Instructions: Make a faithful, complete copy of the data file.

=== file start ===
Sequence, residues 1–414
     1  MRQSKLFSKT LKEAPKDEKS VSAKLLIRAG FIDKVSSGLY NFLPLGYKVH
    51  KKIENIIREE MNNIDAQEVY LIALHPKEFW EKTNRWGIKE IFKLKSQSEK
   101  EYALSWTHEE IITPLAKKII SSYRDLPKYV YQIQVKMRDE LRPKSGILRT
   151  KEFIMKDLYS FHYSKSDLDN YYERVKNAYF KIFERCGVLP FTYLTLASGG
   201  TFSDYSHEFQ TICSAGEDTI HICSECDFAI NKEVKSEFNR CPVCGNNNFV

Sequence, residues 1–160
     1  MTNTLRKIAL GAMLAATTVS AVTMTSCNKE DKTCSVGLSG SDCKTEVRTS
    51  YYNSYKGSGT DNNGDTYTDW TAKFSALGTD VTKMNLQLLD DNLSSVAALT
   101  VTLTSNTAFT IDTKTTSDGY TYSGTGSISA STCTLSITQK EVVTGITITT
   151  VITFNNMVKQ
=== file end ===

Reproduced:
Sequence, residues 1–414
     1  MRQSKLFSKT LKEAPKDEKS VSAKLLIRAG FIDKVSSGLY NFLPLGYKVH
    51  KKIENIIREE MNNIDAQEVY LIALHPKEFW EKTNRWGIKE IFKLKSQSEK
   101  EYALSWTHEE IITPLAKKII SSYRDLPKYV YQIQVKMRDE LRPKSGILRT
   151  KEFIMKDLYS FHYSKSDLDN YYERVKNAYF KIFERCGVLP FTYLTLASGG
   201  TFSDYSHEFQ TICSAGEDTI HICSECDFAI NKEVKSEFNR CPVCGNNNFV

Sequence, residues 1–160
     1  MTNTLRKIAL GAMLAATTVS AVTMTSCNKE DKTCSVGLSG SDCKTEVRTS
    51  YYNSYKGSGT DNNGDTYTDW TAKFSALGTD VTKMNLQLLD DNLSSVAALT
   101  VTLTSNTAFT IDTKTTSDGY TYSGTGSISA STCTLSITQK EVVTGITITT
   151  VITFNNMVKQ